A multidisciplinary treatment approach has been found to be the most effective for FND because of the variety of symptoms the disorder encompasses. Multidisciplinary treatment means that a range of medical specialities may be involved including neurology, physiotherapy, psychiatry/psychology, occupational therapy or any other speciality that patients may benefit. Ultimately, the best approach allows treatment to be tailored to the individual.
Research-based evidence supports the effectiveness of certain treatments that have been specifically tailored for FND, especially physiotherapy (for motor symptoms) and psychotherapy (for attacks or functional seizures). The aim of FND treatment is to ‘retrain the brain’, by unlearning abnormal and dysfunctional movement patterns that have developed and relearning normal movement.
It is critical to acknowledge that FND is a genuine disorder in which symptoms are not consciously produced and therefore, out of the person’s control. The most common mistake by both public and health care professionals is that FND patients are in control of some or all of their symptoms. FND is often misunderstood because movements may be controlled when the patient is distracted, as previously mentioned. These features can lead health professionals or friends and family to wonder if the symptoms are feigned or ‘made up’. Various scientific studies also provide evidence that functional symptoms are not feigned and cannot be turned on and off at will.
Unfortunately, not all patients respond to treatment despite understanding the condition and complying to the treatment programme. In these instances, every effort should be made to minimise risk, maximise independence, and provide ongoing support as needed.
Online Peer to peer support groups can be a great way to connect with others going through a similar experience. Meeting online allows you access to support when you need it and because we are an international organization there is always someone somewhere available.
This is also a great way to stay connected with current FND news. Don’t forget to LIKE our open page too.
Tools to help you through this difficult time. Our downloads page provides quick and easy access to awareness and education materials. Some of the tools (downloads available) you may need along your way to healing and finding better health.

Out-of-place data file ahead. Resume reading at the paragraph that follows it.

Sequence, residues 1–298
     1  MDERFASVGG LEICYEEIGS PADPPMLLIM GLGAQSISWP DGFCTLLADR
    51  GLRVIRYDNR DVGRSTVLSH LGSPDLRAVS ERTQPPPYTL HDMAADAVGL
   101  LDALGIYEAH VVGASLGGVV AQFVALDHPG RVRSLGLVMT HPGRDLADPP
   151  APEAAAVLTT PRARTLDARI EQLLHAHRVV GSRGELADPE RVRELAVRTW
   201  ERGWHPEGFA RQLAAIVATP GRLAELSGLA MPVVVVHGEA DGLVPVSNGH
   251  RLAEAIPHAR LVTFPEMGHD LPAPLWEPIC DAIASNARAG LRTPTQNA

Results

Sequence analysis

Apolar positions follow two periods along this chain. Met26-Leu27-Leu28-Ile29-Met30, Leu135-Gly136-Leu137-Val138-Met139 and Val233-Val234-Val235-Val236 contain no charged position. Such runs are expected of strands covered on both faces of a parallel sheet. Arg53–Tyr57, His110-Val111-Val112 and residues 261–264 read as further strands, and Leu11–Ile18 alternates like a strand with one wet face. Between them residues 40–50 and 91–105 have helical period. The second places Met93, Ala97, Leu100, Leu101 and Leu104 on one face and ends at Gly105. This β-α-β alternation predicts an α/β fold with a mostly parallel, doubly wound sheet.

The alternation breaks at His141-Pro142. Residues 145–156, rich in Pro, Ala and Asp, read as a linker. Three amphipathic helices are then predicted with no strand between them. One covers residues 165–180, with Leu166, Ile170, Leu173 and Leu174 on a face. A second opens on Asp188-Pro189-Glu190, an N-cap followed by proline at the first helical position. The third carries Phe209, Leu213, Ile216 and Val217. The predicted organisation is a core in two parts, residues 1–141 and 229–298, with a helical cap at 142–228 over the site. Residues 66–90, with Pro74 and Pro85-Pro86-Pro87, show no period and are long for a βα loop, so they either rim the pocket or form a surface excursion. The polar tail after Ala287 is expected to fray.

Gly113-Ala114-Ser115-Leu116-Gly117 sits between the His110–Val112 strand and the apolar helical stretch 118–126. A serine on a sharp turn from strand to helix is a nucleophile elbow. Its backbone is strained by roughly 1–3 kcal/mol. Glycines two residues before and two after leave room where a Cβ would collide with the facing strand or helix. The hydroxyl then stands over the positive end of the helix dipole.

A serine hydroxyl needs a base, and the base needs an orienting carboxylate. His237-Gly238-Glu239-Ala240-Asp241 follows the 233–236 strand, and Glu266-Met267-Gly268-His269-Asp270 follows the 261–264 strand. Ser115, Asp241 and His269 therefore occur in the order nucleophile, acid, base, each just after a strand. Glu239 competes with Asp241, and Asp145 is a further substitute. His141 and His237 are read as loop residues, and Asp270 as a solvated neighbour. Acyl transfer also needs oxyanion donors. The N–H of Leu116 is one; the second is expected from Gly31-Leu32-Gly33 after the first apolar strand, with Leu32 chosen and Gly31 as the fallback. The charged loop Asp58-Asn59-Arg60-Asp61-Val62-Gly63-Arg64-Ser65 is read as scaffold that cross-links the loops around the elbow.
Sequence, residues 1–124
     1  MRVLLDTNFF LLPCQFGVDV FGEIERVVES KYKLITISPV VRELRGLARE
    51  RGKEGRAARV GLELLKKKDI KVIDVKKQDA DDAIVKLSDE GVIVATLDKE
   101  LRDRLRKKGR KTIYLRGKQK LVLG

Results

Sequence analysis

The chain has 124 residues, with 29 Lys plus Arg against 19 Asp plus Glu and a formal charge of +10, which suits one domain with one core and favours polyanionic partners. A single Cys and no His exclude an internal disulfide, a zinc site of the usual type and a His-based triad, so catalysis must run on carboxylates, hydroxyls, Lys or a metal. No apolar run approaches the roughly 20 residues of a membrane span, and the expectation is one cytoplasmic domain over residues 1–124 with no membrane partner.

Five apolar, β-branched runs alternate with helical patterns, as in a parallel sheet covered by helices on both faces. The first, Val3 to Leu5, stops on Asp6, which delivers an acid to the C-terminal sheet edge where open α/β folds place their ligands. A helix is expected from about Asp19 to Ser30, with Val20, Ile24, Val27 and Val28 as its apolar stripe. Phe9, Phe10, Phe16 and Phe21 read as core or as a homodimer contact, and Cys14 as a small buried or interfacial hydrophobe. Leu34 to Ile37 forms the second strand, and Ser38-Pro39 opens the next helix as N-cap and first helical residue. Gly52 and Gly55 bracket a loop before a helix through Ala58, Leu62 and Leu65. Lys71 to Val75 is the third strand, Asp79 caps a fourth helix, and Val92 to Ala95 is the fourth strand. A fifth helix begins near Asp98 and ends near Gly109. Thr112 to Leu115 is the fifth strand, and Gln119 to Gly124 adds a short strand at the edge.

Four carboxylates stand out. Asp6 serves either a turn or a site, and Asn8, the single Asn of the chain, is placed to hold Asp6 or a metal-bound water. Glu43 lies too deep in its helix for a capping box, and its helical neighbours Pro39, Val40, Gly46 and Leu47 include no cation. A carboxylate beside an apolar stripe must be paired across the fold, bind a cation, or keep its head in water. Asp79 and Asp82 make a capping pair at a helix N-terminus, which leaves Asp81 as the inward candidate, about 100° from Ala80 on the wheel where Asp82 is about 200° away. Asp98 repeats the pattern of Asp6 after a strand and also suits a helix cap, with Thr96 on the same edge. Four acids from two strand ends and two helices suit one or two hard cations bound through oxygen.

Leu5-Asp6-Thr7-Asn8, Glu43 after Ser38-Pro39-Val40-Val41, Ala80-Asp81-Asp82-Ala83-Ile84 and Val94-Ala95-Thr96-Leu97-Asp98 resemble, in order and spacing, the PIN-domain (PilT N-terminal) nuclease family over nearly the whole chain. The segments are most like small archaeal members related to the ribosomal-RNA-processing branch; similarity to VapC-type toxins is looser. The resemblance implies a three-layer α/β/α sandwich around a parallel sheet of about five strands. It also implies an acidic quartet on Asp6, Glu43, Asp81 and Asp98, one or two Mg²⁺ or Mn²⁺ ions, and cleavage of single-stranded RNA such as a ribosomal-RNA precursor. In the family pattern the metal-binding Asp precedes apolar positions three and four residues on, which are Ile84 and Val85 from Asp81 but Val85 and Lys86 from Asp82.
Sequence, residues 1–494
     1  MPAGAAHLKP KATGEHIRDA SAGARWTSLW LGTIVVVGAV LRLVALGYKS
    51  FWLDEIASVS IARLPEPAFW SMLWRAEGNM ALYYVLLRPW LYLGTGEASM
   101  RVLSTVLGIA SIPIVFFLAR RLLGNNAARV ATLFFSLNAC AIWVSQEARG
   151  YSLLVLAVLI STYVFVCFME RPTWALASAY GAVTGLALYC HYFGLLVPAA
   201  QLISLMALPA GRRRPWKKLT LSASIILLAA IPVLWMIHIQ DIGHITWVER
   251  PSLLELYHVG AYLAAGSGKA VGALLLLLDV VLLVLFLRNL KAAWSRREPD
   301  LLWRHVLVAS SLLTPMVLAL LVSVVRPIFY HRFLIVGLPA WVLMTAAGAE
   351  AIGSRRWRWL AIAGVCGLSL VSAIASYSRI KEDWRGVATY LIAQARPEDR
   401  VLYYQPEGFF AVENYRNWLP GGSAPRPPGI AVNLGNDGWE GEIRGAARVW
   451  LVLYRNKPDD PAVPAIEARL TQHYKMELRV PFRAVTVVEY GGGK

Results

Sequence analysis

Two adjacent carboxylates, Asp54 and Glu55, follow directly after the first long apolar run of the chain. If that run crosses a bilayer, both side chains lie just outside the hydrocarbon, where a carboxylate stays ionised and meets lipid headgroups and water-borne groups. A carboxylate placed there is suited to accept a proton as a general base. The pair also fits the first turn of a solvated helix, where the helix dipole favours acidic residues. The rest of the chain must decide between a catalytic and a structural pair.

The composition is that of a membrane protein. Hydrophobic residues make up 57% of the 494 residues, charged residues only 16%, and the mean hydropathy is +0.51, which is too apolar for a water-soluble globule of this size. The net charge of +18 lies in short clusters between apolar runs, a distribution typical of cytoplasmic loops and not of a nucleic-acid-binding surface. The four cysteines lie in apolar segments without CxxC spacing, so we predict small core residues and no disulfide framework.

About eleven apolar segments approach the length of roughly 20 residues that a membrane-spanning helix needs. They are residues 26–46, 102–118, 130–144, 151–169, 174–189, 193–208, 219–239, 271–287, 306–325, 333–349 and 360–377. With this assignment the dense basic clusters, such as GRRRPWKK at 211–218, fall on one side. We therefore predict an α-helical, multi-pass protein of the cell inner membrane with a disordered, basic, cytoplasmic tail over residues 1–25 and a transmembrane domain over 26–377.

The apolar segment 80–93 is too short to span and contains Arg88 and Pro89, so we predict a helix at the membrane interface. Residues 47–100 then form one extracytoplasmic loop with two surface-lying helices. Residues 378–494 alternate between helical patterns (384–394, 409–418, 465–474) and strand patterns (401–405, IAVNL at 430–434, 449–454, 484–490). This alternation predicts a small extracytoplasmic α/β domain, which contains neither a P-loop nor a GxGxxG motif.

Our Healthy FND Living sections provide many useful tools to manage functional symptoms. This section has been written by the spouse of one of our members. After collating member tips as well as drawing from her own experience of caring for her husband with FND, Lynn has gathered an extensive amount of self-help remedies. Of course even self-help tools should be discussed with your treating care provider before trying.
Written by Professor Mark Edwards
In some ways this is an exciting time for research in FND as after many decades of lack of interest, there are more and more clinicians and scientists who are interested in the area and in trying to develop and improve treatment. As with most research this work is very slow to translate into real differences for people with FND and there are likely to be lots of false starts and blind alleys. However,there is hope that care pathways for people with FND will become clearer and more effective and that a greater range of treatments will be available within the not too distant future.
With current treatment about 60% of people with FND say that their symptoms have improved. This is not to say that all these people are “better”, and it is very important to have reasonable expectations regarding treatment. This means that many people with FND need long term help with their symptoms in the same way as many with neurological illness do. However with help many people are able to get back to leading a much more normal life and though they may have continued symptoms, these are more in the background than they used to be.